If you've been reading this blog for awhile, then you know I love Lord of the Rings. Although Frodo is the protagonist and main hero of the story, he's not my favourite. Legolas and Aragon provided some great eye candy in the movie, but they didn't take top spot either. And while I can totally identify with the craziness of the Gollum/Smeagol thing, he/they aren't it either.

The one character that gives me the warm fuzzies is Sam. Sweet, lovable, Samwise Gamgee. Frodo's gardener-turned-sidekick for the epic journey to destroy the ring.

As Frodo became weak under the burden of the Ring, Sam carried most of the luggage, cooked, kept watch at night, and rationed the food so he and Frodo had enough for the journey. He protected and took care of Frodo as they moved through the dangerous lands toward Mordor.

At one point, on Mount Doom, Frodo collapses. Exhausted, he can go no further. Sam, while exhausted himself, tries to rally Frodo. He asks him to remember all the wonderful things about the Shire; the orchards that will soon be in blossom. The birds nesting in the hazel thicket. Summer barley and the eating of strawberries with cream.

Frodo cannot. He is done. Seeing this Sam yells, "Come on, Mr. Frodo. I can't carry it (the ring) for you... but I can carry you!" and slings Frodo over his shoulder to carry him to the end of his task.

That scene? Chills. Every time.

We all need a Samwise Gamgee in our lives. For the times when we collapse under the burden of our ring and have nothing left to give.

And I hope to be this for Elise as she grows up and the ring becomes her burden to bear. Right now it is mine. And that's okay. I would carry it forever if I could.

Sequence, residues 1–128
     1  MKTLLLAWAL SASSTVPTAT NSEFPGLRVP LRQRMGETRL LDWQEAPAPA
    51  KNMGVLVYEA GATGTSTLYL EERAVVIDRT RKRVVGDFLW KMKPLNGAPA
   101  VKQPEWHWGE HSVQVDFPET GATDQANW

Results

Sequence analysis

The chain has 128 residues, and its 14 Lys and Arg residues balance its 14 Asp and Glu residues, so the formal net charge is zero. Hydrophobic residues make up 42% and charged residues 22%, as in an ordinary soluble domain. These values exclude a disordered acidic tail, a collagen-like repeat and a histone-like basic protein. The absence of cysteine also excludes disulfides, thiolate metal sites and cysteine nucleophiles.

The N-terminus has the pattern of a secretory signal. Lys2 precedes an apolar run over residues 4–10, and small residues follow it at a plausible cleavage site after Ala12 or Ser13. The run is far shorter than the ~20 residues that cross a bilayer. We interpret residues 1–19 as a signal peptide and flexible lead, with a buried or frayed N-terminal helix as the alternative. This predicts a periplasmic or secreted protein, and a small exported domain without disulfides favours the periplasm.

But I know that when she grows older, there will be days where she feels like Frodo on Mount Doom. So weary and tired. The responsibility and never-endingness of the disease will take it's toll on her.


And I pray I can be there for her; unable to bear the burden for her, but more than capable of carrying her when she can't walk. For as long as I am able, I will travel this road with her, making the epic journey and lifting her up when she needs it. I will remind her about the orchids, and the strawberries with cream.

I will be her Sam... for as long as she needs me.



Saturday, August 6, 2011

A belated thank you to Chick-fil-a... and diabetes

Oh my, this post is so over-due. Back in May, I was awarded the Southlake Chick-fil-a Mother of the Year. It came right as we were closing on our new house, packing all our worldly belongings to be moved to said house, as well as getting ready to leave on our trip to Portugal in two days. Crazy times.

I was honoured with a plaque, a dinner for 30 of my friends, and FREE Chick-fil-a for a YEAR!

It was a celebration that was difficult for me. Because so often, I feel like I fail at this motherhood thing. I yell. I loose my cool. A lot of times I revert back to acting like a child. Chick-fil-a totally should have done a hidden camera thing to get the REAL truth about my Mom-skills.

But one thing I do know... I am a better Mom than I ever would have been, if diabetes not came into our lives.